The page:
These results were formulated in terms of so-called closed manifolds, i.e., compact manifolds without boundary. The practical dimensionality reduction problem we would like to address, on the other hand, involves starting with a $d$-dimensional data submanifold $M$ of $\mathbb{R}^{D}$ (where $d<D)$, and dimensionally reducing to $\mathbb{R}^{d}$. In order to be able to do this diffeomorphically, $M$ must be diffeomorphic to a subspace of $\mathbb{R}^{d}$, which is not generally the case for closed manifolds. For instance, although we can find a diffeomorphism from a hemisphere (a manifold with boundary, not a closed manifold) into the plane, we cannot find one from the unit sphere (a closed manifold) into the plane. This is a constraint on all dimensional reduction algorithms that preserve the global topology of the data space, not just density preserving maps. Any algorithm that aims to avoid “tearing” or “folding” the data subspace during the reduction will fail on problems like reducing a sphere to $\mathbb{R}^{2.5}$

Thus, in order to show that density preserving maps into $\mathbb{R}^{d}$ exist for a useful class of $d$-dimensional data manifolds, we have to make sure that the conclusion of Moser’s theorem and our corollary work for certain manifolds with boundary, or for certain non-compact manifolds, as well. Fortunately, this is not so hard, at least for a simple class of manifolds that is enough to be useful. In proving his theorem for closed manifolds, Moser [18] first gives a proof for a single “coordinate patch” in such a manifold, which, basically, defines a compact manifold with boundary minus the boundary itself. Not all $d$-dimensional manifolds with boundary (minus their boundaries) can be given by atlases consisting of a single coordinate patch, but the ones that can be so given cover a wide range of curved Riemannian manifolds, including the hemisphere and the Swiss roll, possibly with punctures. In the following, we will assume that $M$ consists of a single coordinate patch.

## 机器学习代写|流形学习代写manifold data learning代考|Intuition on Non-Uniqueness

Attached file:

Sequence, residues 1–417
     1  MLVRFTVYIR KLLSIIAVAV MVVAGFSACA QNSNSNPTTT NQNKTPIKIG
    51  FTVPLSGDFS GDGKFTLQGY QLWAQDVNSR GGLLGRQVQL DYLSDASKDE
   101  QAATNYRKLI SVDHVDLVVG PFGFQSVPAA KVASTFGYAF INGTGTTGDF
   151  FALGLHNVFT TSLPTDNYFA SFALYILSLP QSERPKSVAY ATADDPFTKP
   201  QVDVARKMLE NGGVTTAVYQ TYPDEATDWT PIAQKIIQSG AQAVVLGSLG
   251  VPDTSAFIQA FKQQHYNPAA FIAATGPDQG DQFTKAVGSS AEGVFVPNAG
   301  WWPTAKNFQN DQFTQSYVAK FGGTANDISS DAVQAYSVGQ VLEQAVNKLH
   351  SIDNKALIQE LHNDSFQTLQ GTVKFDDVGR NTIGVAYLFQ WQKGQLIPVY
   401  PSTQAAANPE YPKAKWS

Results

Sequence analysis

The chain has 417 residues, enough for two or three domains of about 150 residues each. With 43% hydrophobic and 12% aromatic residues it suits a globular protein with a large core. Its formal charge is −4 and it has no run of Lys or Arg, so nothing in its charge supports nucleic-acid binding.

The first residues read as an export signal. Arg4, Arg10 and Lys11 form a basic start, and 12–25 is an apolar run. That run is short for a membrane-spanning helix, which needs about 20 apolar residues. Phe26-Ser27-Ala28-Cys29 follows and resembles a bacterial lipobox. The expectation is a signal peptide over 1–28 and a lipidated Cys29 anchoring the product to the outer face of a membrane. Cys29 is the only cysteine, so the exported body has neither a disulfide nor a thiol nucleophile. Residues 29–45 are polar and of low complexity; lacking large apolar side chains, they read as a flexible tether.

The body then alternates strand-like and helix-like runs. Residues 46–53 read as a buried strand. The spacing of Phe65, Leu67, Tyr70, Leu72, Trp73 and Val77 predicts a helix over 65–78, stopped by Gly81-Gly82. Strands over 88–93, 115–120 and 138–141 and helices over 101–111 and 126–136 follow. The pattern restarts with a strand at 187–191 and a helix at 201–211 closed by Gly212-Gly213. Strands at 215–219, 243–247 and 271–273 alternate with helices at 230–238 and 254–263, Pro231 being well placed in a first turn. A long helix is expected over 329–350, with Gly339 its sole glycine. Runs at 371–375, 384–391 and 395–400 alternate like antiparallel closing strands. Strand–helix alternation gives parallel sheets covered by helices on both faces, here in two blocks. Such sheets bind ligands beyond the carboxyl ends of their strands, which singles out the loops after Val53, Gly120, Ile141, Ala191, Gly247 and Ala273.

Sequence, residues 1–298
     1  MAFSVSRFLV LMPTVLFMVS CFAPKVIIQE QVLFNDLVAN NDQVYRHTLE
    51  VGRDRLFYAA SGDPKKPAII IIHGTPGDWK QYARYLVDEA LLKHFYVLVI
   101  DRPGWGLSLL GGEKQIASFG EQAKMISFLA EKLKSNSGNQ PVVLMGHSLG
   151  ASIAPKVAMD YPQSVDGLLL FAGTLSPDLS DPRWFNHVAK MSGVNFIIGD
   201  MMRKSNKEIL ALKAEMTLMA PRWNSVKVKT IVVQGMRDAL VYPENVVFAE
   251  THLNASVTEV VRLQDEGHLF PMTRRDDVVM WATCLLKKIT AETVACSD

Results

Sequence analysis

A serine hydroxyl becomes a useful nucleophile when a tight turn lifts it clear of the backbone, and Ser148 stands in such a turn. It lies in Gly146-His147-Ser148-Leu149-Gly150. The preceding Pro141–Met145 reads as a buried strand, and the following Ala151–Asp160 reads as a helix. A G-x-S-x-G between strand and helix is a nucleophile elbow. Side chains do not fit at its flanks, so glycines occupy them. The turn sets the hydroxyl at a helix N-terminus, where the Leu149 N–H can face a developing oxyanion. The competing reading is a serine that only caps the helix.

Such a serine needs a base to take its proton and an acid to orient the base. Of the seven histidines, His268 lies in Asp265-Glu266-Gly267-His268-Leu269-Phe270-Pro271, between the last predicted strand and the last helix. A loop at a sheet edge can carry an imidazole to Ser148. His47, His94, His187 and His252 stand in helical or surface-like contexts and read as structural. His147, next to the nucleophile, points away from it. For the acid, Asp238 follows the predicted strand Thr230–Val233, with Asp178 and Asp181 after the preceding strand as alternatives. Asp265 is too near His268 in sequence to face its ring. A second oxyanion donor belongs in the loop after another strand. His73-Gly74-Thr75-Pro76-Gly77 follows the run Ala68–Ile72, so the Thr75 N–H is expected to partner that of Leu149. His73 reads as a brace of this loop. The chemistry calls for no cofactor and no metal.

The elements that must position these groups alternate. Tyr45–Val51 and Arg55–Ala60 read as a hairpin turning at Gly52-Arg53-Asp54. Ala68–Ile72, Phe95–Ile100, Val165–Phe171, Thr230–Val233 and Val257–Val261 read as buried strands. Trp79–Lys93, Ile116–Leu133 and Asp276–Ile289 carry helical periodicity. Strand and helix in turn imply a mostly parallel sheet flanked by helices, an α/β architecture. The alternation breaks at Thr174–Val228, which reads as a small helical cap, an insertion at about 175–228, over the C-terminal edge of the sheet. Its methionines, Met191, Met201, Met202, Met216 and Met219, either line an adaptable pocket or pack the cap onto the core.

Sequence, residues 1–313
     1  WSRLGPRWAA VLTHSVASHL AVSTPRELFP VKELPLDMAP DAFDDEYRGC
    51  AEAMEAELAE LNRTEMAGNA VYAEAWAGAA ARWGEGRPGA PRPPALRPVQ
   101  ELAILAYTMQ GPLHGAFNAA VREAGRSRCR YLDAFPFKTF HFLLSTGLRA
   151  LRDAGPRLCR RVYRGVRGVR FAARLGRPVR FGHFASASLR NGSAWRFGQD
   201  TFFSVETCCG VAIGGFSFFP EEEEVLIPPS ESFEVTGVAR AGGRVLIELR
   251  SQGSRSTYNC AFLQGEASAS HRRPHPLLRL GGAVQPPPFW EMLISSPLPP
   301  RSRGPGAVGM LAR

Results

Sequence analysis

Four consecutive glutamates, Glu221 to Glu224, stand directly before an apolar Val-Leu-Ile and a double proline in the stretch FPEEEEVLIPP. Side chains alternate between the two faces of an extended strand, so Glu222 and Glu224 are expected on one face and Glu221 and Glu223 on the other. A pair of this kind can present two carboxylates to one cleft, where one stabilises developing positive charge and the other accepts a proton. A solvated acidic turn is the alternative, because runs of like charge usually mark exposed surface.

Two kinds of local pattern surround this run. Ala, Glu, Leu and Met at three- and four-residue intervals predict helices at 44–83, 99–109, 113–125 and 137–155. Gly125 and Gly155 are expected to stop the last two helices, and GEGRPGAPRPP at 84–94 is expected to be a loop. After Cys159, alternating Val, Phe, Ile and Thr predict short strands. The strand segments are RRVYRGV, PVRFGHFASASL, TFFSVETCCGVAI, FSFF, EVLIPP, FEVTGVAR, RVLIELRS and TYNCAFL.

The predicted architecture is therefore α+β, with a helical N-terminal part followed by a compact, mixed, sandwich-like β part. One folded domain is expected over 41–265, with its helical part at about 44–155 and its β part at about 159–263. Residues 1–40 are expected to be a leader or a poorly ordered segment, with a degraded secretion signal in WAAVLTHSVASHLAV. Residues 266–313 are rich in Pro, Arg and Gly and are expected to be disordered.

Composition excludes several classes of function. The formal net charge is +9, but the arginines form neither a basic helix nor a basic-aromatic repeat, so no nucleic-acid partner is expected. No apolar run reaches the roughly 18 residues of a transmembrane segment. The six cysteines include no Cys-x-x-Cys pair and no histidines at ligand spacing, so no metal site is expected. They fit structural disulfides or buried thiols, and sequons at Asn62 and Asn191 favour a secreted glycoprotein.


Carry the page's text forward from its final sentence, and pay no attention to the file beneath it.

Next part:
Note that the results above claim the existence of volume (or density) preserving maps, but not uniqueness. In fact, the space of volume-preserving maps is very large. An intuitive way to see this is to consider the flow of an incompressible fluid in $\mathbb{R}^{3}$. The fluid may cover the same region in space at two given times, but the fluid particles may have gone through significant shuffling. The map from the original configuration of the fluid to the final one is a volume preserving diffeomorphism, assuming the flow is smooth. The infinity of ways a fluid can move shows the infinity of ways of preserving volume.

Distance-preserving maps may also have some non-uniqueness, but this is parametrized by a finite-dimensional group, namely, the isometry group of the Riemannian manifold under consideration. ${ }^{6}$ The case of volume-preserving maps is much worse, the space of volumepreserving diffeomorphisms being infinite-dimensional. Since the aim of this chapter is to describe a manifold-learning method that preserves volumes/densities, we are faced with the following question: Given a data manifold with intrinsic dimension $d$ that is diffeomorphic to a subset of $\mathbb{R}^{d}$, which map, in the infinite-dimensional space of volume-preserving maps from this manifold to $\mathbb{R}^{d}$, is the “best”? In Section 3.4, we will describe an approach to this problem by setting up a specific optimization procedure. But first, let us describe a method for estimating densities on submanifolds.